Right, so where are we now then?
When last we spoke, Keir Starmer had give us perhaps the first hint that Labour might be starting to back away from at least a ‘Hard’ Brexit, if not (yet) Brexit altogether. Nothing much else (at time of writing) seems to have happened on that front; Labour appear now to be devoting most of their energy to relitigating last year’s ‘Traingate’ incident. Good to see their sense of priority is as unmuddied as always.
Meanwhile, we’ve spent most of the last week reiterating what are now becoming Brexit clichés; the well-worn themes of the slow-motion car crash which continues to transfix us: the sheer lack of preparation or even basic competence of our ‘negotiating team’, and the ever-more slack-jawed disbelief this provokes on the part of their European interlocutors. In the last day or so, there have been rumours (perhaps substantiated by the time you read this, perhaps not) of some sort of delaying tactic about to be deployed by the Prime Minister herself in order to at least temporarily derail the Brexit talks for a couple of weeks, presumably to give herself and her colleagues a bit of breathing (and possibly firing) space.
Let’s contemplate the irony of that for a moment before we move on (I nearly said ‘delicious irony’ but there’s been nothing delicious, or even slightly tasty, about this debacle at any stage): our own government, we are told, in order to make one last futile attempt to get its non-existent ducks in a row, is planning deliberately to upset and interrupt the most vital constitutional discussion for centuries. Now remind me, what was that name they’ve been calling us for the at few months?
Oh that’s it. Saboteurs.
Now that Labour have started to make vaguely sane-sounding noises with regard to Brexit, I find I’m not getting sucked into Twitterspats with glassy-eyed Corbynists quite so much as has been the case these last few weeks. Rather it’s the Brexiteers themselves that I’m running into again. I’m doing my best to be civil; I’m not trying to corner them on the big, by now unanswerable questions regarding their continued support for the insupportable. I’m not asking them if they can do the thing that I’ve been asking all Leavers to do since before the referendum and which not one of them yet has; specifically, to name a single actual tangible practical benefit that Brexit will bring. Part of the reason I’ve stopped asking this question is that nobody is even pretending to have an answer to it any more.
They’re not even responding in the abstract like they used to, throwing up concepts like ‘sovereignty!’ and ‘control!’, whatever those words actually mean in a country where a government can, as the Conservatives did in 2015, win 24% of the available vote (37% of a 66% turnout) and nonetheless form an administration with absolute executive power over the whole nation, including regions where they came fourth. In that sort of set-up, when people say things like ‘we need our sovereignty back!’ or ‘we must take back control!’ the most obvious reply is ‘who the hell is WE?’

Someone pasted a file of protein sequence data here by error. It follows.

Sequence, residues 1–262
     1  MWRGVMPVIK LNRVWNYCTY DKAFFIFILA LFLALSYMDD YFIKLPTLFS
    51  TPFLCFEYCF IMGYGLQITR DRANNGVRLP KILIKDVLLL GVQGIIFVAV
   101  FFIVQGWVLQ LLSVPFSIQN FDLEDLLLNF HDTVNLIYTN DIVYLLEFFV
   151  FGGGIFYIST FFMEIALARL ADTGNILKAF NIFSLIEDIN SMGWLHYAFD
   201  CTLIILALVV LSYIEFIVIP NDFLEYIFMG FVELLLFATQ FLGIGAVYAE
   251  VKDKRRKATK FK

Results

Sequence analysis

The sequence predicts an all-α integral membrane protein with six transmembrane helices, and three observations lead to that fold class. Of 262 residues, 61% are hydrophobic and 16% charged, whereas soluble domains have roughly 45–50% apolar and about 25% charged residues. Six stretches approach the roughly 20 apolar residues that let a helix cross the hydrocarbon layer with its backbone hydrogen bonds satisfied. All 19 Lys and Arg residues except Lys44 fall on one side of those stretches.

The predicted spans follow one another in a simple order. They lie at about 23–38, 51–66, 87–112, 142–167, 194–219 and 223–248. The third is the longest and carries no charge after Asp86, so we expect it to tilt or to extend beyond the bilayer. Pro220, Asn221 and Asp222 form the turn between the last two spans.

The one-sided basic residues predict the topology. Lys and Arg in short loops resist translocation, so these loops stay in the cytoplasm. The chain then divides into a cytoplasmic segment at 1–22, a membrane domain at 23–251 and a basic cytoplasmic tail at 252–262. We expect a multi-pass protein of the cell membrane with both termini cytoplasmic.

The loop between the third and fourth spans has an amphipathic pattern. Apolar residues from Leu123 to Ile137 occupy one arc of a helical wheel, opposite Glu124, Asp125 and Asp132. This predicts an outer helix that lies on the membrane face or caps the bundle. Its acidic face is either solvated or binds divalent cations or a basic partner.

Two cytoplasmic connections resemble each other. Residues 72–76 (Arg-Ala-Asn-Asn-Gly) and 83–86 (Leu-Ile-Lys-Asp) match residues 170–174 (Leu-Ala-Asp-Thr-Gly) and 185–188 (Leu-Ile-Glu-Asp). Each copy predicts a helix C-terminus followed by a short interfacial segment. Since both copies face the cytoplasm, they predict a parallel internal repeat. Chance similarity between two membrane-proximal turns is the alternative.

The nearest thing anyone has left to a pro-Brexit argument is an attempt to repudiate or minimise the anti-Brexit case. To point out that the damage might not be as profound or long-lasting as the Remoaners claim. Nobody is denying that there will BE damage, nor is anyone claiming that there will be any actual benefit. And yet onwards we march, acting as if Brexit is some sort of asteroid of inevitability hurtling towards us which we can do nothing to avert or avoid, some natural disaster to be survived, rather than – as is the case – an incredibly stupid thing we are choosing to do to ourselves. And, indeed, could choose NOT to do to ourselves.
The conversation one has with the few remaining (ironic) Brexiteers comes not from a question we’re asking them, but from the question they’re now all asking us. Namely, ‘Why aren’t you helping?’
That’s what they ask us these days. Yes, they say, we know you voted Remain but that’s all in the past now; surely what matters is that we accept the result and all work together to make a SUCCESS of Brexit! Isn’t it? Eh?
To this oft-posed question, my response – and the response of most of my fellow Remoaners is… one I’m not sure I can say in a newspaper. Hang on, I’ll check.
Editor, can you say ‘piss off’ in The New European?
Ah. Looks like I just did.
Because that, in an expletive nutshell, is my response. That’s a ridiculous question. We didn’t vote against Brexit as some sort of intellectual exercise, or because we thought it was ‘trendy’; we voted against it because we recognised it for the suicidally bad idea that it was. And it still is a suicidally bad idea, referendum or no referendum. We voted against it because we didn’t want it to happen, and we STILL don’t want it to happen.
Besides, how has this suddenly become our responsibility? How has making a ‘success’ of Brexit suddenly become OUR job? We’re the saboteurs to be ‘crushed’, remember? The enemies of the people to be scorned and left behind on the glorious road to the sunlit uplands of isolationist utopia. They didn’t need or want us then; why do they need us now?
Is it perhaps because even the most delusional Brexiteers are beginning to understand that they voted for the impossible? That one way or another, they’re not getting the isolationist utopia? Isolationism yes, but isolationism at the cost of a fractured economy, a shattered society and no audible voice in global affairs? Has making a success of Brexit suddenly become our job because the Leavers have finally realised it’s an impossible job, and they’d better start looking for someone else to blame?